The police on the ground are confused… and so am I. She lists her grievances, her mother recently passed, she didn’t grow up to change the world, her high school dreams never came true, she has to work in a cubicle… all that quarter-life crisis stuff. Superman’s words of wisdom are tantamount to: Life’s tough. Wow, I’m suddenly inspired to throw myself off of something high.
And so, he and the jumper stare at each other all day and into the night. Superman finally speaks and tells her that… get this… if she thinks she’ll never have a “happy day”, then she should jump! This has got to be a prank, right? Like, Superman’s just trolling us… right? Anyway, the girl realizes that she’ll probably wind up having another “happy day”, and so she doesn’t kill herself.
On the ground, an officer asks Superman if he’s have really let her jump… and Superman doesn’t answer. Are you… kidding me? Not even a wink? This is bad, you guys.
The issue wraps up with… oh God, not this scene. Superman is approached by an ordinary guy who asks him why he’s not… ya know, being super. Instead of giving a friendly… or at least a non-confrontational… response, Superman starts quoting Thoreau. Who is this pompous horse’s ass… and why is he wearing Superman’s costume?! Thankfully, this is where we get off the walking tour.
Well, that was the first part of Grounded. This is the first time I cracked the cover on this one since the Summer of 2010… and, holy hell… I’m more annoyed at it now than I was back then! I mean, at the time we didn’t realize that (had the New-52! not petered out) this was going to be one of the final storylines for this version and volume of Superman (then again… neither did DC, regardless of what they say). With hindsight, maybe I’m judging this more harshly than I otherwise would… though, that’s not to say this was anything less than dull, preachy, pretentious… and just wildly unpleasant. Let’s also remember that this was the only Superman book at this time, Action Comics had been taken over by Lex Luthor.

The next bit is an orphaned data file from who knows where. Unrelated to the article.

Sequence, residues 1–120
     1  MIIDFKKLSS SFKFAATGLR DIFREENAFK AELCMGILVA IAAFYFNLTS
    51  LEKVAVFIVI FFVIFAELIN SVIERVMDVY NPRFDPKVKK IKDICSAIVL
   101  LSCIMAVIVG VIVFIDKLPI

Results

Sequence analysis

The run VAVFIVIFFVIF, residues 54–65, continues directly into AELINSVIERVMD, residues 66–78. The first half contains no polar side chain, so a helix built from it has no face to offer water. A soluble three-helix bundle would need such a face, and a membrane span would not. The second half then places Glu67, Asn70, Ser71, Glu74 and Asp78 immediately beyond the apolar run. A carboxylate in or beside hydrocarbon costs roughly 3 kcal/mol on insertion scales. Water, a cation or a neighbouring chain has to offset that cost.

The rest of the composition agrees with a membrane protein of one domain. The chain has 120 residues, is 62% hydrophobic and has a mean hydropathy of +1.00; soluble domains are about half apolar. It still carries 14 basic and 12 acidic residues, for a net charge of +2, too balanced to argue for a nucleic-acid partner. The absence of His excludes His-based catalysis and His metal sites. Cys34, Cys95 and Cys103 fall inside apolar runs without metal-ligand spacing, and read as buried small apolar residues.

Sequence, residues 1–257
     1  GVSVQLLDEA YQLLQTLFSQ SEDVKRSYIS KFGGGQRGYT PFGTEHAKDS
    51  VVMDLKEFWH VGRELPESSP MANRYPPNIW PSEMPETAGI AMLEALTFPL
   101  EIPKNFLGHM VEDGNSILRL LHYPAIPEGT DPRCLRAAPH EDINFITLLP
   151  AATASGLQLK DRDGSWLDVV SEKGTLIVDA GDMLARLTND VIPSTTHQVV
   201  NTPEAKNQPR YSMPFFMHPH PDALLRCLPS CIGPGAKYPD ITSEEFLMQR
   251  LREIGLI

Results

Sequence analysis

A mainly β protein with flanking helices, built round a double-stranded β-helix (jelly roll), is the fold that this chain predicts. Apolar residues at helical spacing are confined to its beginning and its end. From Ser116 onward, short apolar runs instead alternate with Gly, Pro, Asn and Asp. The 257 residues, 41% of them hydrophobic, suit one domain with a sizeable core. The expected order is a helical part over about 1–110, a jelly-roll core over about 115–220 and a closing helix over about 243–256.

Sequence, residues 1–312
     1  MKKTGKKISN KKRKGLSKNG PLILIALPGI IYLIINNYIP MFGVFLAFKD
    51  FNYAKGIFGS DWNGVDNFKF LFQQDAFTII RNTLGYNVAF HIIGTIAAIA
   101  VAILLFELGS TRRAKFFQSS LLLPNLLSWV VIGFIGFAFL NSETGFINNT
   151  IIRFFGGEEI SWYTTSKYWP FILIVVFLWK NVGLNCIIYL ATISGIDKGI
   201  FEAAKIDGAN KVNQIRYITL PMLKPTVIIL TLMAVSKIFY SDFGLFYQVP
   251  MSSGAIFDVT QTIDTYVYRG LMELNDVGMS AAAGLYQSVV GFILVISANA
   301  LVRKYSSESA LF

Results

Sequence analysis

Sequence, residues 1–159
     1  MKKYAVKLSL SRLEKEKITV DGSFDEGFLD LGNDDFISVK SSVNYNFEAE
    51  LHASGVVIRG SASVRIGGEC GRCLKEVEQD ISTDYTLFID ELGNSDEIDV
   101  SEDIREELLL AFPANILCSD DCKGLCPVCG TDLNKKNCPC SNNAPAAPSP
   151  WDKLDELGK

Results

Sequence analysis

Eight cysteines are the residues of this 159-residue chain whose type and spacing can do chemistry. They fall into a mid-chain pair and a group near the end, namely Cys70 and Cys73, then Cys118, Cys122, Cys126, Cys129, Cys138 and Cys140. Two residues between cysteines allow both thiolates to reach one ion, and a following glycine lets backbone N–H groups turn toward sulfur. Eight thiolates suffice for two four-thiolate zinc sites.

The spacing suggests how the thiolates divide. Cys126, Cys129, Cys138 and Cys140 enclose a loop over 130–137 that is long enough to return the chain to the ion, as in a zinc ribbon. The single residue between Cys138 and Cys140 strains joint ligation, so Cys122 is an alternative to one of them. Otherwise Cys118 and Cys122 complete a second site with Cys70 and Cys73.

Let’s start with Superman sending a neighborhood boy into danger to “send a message”. We’ve got Superman burning up the stashes for a gaggle of drug dealers… and then asks a boy to deliver a message to them. Let’s play that out… Superman just sent a kid to talk to… threaten, actually… a group of angry, dangerous, violent… armed (!) drug dealers! Good lookin’ out, Supes. Pathetic.
Next, Superman and the jumper. Superman has always been a symbol of hope… an inspiration to we “mere mortals”… and here we have him giving a hopeless young lady a “take it or leave it” kinda speech, rather than anything inspiring. He’s all, Yeah life’s tough… if you wanna die, then die… if not, don’t. What the hell is that? That’s not Superman. Gotta say, I never wanna see J. Michael Straczynski try and talk anyone off a ledge.
Remember how during the preamble I mentioned that Superman was futzin’ off planet for a long while? Well, now that he’s back… instead of being with, ya know… his wife… he sets out on an interminable self-indulgent walking tour. Yeah, Lois… see ya in a couple years… ya know, unless our continuity gets erased in the interim.
And Superman quoting Thoreau? Good friggin’ night! What pretentious holier-than-thou garbage is this… and why is it coming out of Superman’s mouth? Do you see Superman as a guy who would lecture ordinary people in a way that would make them feel inferior? I don’t. This is such a bad issue, folks…
Speaking of Superman as superior… how about that scene at the beginning where he gives those glib answers to the reporters. It’s so strange that the entire point of this ridiculous story is to put Superman at the same level as the ordinary American/Human… and he talks to these people like they are so far below him. Glib and dismissive… that is, unless you question his motives… then he’ll fly you into orbit to “put you in your place”. What an ass.
I will say… it looks pretty. Eddy Barrows and company do a ridiculous amount of heavy lifting here… but it’s still not enough to make this something I’d ever suggest people should check out.
Millennium… you’re off the hook!